I picked up the New Yorker’s Summer Fiction Issue recently, delighted to see that Nathan Englander, the 29-year-old author of the recent short story collection For the Relief of Unbearable Urges, had made it onto that magazine’s list of 20 Writers for the 21st Century.
This comes as no great surprise. Englander’s first published work is a fine string of pearls that has deservedly achieved a rich, almost preternatural measure of critical acclaim.
Not since Salinger, it seems, has any offering of nine stories so enchanted critics. For reasons that will become obvious, the book should be particularly enthralling for fans of modern Jewish literature.
Englander, whose chief preoccupation is with Jewish characters and concerns, stakes out an ambitious chunk of literary territory with this debut collection. He seems to be walking a well-marked trail defined by the likes of Isaac Babel, Bernard Malamud and Isaac Bashevis Singer.
He was raised in a modern Orthodox home in New York and now lives in Jerusalem. His stories are confidently infused with Biblical allusion and knowledge of Jewish law and lore, which provides the standard by which his characters interpret and judge themselves.
Paralleling the Bible narrative, the stories are arranged in a rough historical chronology.The first piece, The Twenty-Seventh Man, brilliantly focuses on a purge of 26 Yiddish writers in Stalinist Russia — actually 27, since a clerical error has placed an extra name on the list.
The bleak ironic humor here is Gogolian, veering towards the Kafkaesque. For instance: after the condemned writers are imprisoned, a guard hears a great racket and opens a peephole “to find that a symposium had broken loose.”
The twenty-seventh man mentally composes a story in prison, supposedly a masterpiece, and recites it to his cellmates before all are executed. Englander’s omniscient, all-seeing but invisible narrator alone survives to tell this wonderful Mobius strip of a tale.
In the second story, The Tumblers, Englander (like Singer before him) revisits Chelm, the legendary city of fools of Yiddish culture. Only now it is not some quaint, benign and comically backward village, but a town infested by Nazis.
On board a train, a group of Chelm Jews escapes destruction by wearing underwear and posing as circus acrobats. At one point, they flee and a gun is fired, but “(o)nly Mendel looked back at the sound of the shot; the others had learned the lessons of Sodom.”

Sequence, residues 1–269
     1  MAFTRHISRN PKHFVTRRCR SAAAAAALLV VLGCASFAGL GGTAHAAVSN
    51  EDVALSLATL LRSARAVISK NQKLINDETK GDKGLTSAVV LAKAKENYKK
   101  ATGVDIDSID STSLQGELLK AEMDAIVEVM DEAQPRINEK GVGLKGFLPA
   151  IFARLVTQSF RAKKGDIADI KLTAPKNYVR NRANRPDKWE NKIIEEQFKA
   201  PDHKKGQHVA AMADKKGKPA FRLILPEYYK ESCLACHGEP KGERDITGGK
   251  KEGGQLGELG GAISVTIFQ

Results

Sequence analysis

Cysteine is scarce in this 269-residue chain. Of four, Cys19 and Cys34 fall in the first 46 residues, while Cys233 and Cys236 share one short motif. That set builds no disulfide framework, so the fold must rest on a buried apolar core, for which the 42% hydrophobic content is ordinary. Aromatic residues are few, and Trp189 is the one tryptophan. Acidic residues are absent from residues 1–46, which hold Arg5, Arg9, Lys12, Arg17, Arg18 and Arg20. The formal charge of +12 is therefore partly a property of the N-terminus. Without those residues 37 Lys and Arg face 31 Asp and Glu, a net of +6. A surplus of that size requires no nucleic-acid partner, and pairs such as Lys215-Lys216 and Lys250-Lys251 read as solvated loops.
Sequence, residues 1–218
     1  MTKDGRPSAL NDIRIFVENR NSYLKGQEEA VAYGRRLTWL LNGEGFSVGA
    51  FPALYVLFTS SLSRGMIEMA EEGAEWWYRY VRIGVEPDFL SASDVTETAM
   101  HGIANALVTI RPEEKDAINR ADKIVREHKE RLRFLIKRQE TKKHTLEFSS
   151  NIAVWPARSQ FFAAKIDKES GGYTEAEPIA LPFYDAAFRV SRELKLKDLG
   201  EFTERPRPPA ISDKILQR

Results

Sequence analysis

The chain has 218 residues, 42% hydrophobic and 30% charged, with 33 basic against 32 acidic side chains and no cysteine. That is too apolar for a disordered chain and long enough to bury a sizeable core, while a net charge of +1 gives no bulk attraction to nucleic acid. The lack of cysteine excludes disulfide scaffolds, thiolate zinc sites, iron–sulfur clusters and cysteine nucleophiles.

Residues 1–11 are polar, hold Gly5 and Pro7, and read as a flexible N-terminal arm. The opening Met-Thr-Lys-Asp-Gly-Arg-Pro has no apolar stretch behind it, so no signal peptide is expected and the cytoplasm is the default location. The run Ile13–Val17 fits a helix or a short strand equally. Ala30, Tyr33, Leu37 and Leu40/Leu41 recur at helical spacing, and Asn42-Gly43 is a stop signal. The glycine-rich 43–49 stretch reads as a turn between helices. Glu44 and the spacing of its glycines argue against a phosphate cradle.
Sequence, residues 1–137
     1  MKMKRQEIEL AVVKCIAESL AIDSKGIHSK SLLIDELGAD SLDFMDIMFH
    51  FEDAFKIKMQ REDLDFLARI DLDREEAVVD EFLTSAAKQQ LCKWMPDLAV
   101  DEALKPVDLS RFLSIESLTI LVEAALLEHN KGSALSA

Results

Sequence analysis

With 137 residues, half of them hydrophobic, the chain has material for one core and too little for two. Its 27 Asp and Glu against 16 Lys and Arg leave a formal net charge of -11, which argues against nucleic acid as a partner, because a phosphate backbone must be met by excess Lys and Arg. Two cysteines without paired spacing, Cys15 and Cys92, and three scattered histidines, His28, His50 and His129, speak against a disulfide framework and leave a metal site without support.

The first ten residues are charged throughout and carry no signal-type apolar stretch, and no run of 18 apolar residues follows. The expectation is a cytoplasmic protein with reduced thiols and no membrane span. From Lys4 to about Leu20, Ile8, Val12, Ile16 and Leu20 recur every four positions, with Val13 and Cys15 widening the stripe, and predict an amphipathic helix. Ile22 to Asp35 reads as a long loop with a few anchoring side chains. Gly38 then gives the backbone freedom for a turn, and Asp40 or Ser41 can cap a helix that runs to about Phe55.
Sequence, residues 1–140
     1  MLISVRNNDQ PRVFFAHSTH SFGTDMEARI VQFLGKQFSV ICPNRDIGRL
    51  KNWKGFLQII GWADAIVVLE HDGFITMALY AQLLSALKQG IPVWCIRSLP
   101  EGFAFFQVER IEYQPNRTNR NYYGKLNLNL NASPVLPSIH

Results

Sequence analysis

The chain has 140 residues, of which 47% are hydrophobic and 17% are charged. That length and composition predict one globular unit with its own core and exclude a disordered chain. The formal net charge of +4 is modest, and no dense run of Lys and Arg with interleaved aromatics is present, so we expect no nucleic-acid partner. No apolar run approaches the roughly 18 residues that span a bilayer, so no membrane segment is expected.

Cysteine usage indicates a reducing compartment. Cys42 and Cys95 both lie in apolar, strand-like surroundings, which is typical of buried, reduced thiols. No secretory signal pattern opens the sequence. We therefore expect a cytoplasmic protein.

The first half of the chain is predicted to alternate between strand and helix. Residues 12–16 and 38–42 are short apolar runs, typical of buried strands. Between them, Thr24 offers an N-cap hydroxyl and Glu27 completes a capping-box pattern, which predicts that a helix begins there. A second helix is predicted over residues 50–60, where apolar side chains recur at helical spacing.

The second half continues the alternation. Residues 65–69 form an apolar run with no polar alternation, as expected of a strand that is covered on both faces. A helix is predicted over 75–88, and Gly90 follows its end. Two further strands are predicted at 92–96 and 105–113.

The five middle stories concern various absurd or incommensurate aspects of Jewish life in America, at least the Brooklyn suburb of Royal Hills. In Reunion, a mental patient befriends his rabbi’s brother in an asylum, ultimately demonstrating his own greater humanity. The Wig takes us into the ultra-frum reality but ultra-romantic fantasy world of an Orthodox wig and hair salon. Here — as in The Last One Way, which concerns the plight of an agunah — Englander impresses us with his representation of the female point of view.
The Gilgul of Park Avenue introduces a mystical rabbi-cum-charlatan reminiscent of the impish rabbi in Bernard Malamud’s classic story, The Silver Crown. Trouble erupts when Charles Luger, a New York gentile riding a taxi one evening, suddenly “understood he was the bearer of a Jewish soul.
“Ping! Like that it came. Like a knife against a glass.”
If being a gentile with a Jewish soul causes major strife in one story, its corollary — a fat, bearded Jew disguised as a department-store Santa Claus — causes colossal consternation in the story Reb Kringle, whose title character loses it in front of children, parents and elves. In this piece, the irony threatens to dissolve into farce. The last two stories, For the Relief of Unbearable Urges and In This Way We Are Wise, transport us to the promised land of Israel. In the former, an Orthodox Jerusalemite whose beloved wife won’t touch him gets a rabbinical dispensation (another impish rabbi!) to see a prostitute. Afterwards he suffers so great a sense of defilement that his sexual organ feels on fire — “and yet he would not be consumed.”
One reviewer, while acknowledging Englander’s exceptional skill, found the final story, a first-person account of a close encounter with a terrorist bomb in Jerusalem, unworthy.
It’s certainly different than the others. But what better way for Englander to round out the collection than by bringing his Jewish strife into the CNN-style present? Here, as in the first two stories, the strife is again national, rather than individualistic. And the author simultaneously broadens his range through use of the first-person narrator.
As the New Yorker has indicated, Englander is a masterful writer who promises to play an important part in the future of American fiction — and Jewish fiction in particular. ♦